On that glorious day at the farm where I showed the sheep in my last post, Mimi was asked: “Do you have any wool available?” Here is a woman on her way home with enough wool yarn for several projects–sweaters I think she’ll knit. Different breeds have different types of wool not just different colors. I think I overheard this woman discussing exactly what kind of wool she needed for a special white sweater she was going to knit.
There was roving ready for spinning or felting in one basket and a container full of balls of yarn from the farm’s sheep and dyed by Mimi. She has a stand during the fall and winter at our Farmers’ Market in Marin County on Sundays. Last week at the market she had balls of roving dyed in a wide range of colors that were being bought up by a woman who does a lot of felting.
Mimi’s assistant is balling up roving (wool from the sheep that has been cleaned and combed to be ready for spinning or felting). The balls are weighed then the price calculated. I was seduced last week at the market to buy a gorgeous ball of roving made of a mixture of grey wool. I plan to use it in felting art pieces.
In the courtyard there were two big tables with sheep pelts. The pelts were set out to dry in the sun. I wondered what the white areas were and was told it was salt to help with the drying. What a wonderful day it was with “thread-head” friends, good food, sunshine, beautiful country and sheep about to lamb! As a weaver I learned a lot, too.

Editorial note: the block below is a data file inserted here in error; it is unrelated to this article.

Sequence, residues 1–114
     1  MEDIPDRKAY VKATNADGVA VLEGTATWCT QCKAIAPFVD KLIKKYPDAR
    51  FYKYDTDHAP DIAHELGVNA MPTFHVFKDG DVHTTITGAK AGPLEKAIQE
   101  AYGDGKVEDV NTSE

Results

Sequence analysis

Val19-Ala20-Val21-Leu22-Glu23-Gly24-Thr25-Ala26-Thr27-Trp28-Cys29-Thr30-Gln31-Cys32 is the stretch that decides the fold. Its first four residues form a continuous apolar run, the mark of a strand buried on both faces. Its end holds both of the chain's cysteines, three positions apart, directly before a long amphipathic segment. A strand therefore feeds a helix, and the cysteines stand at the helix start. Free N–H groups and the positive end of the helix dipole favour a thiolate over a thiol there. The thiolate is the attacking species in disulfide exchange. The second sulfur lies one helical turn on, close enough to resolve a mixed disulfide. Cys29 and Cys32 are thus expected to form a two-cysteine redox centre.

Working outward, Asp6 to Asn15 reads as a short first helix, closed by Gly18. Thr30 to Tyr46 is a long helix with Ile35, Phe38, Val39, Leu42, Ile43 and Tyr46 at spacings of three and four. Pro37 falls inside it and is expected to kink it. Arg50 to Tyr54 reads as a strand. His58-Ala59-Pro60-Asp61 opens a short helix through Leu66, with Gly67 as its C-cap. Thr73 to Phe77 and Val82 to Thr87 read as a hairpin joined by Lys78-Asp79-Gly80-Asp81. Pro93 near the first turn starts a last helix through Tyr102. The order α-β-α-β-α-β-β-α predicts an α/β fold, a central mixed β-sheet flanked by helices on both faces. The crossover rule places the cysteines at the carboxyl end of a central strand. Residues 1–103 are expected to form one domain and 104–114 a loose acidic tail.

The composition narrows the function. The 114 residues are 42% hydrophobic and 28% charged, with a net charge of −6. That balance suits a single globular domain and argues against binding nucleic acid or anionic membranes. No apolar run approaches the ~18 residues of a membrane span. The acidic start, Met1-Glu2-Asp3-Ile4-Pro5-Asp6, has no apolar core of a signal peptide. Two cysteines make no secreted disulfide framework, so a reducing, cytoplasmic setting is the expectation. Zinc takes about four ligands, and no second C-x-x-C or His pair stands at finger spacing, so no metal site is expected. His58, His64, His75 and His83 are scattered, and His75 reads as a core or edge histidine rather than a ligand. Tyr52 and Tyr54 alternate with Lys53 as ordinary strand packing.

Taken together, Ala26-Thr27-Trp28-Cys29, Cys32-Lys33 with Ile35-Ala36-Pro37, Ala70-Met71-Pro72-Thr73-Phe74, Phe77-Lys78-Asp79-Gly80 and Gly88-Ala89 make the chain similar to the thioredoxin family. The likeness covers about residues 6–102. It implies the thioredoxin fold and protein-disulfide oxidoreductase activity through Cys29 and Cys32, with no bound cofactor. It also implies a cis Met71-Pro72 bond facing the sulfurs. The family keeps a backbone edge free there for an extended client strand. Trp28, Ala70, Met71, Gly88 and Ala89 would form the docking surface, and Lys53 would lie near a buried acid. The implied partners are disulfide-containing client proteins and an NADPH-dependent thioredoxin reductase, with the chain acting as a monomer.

While in Kyushu Island south of the main island of Japan near the town of Karume is a distinguished master craftsman kasuri dyer. Kasuri is a form of ikat and can be warp-wise or weft-wise. The threads are dyed in a pattern then put on the loom and woven. Here is a photo of Shoji Yamamura tying threads to make a pattern. Then the threads are dyed with indigo for the traditional blue and white kasuri fabrics we know. We bought one of his gorgeous pieces–a length of cloth for a kimono with the idea of splitting up the piece when we got home.
On a Saturday afternoon the three of us met to divide the fabric–over 15 yards.
Here one third has been cut off and we are about to cut off the second piece.
This is the end piece– it’s the signature of the weaver and is woven at the beginning of the length of cloth. Note that the unwoven area shows the ikat pattern that was tied in the threads. Also notable is the dyeing of the warp stripes–a specialty of this artist.
Day Two At Aranya Naturals Exquisite Workshop
It’s late after a fabulous day being tutored by the wonderful employees at the Aranya Naturals complex. Look them up on the web. They train and employ physically and mentally challenged adults over 18 in all sorts of fabric dyeing and design. The workshop is so organized and each section has its own operation. I did stitch Shibori (tie dye) with several women and then had the pieces dyed by the indigo (blue) and madder (red) dyers. You can see how enthusiast everyone was. They and their families are given housing, schooling for the children and complete medical facilities. This is just a drop of information about this truly amazing place. The 10 of us in the group were taken in hand by the experts and we dyed, batiked, and block printed our own individual ideas in a day and a half. [click first photo]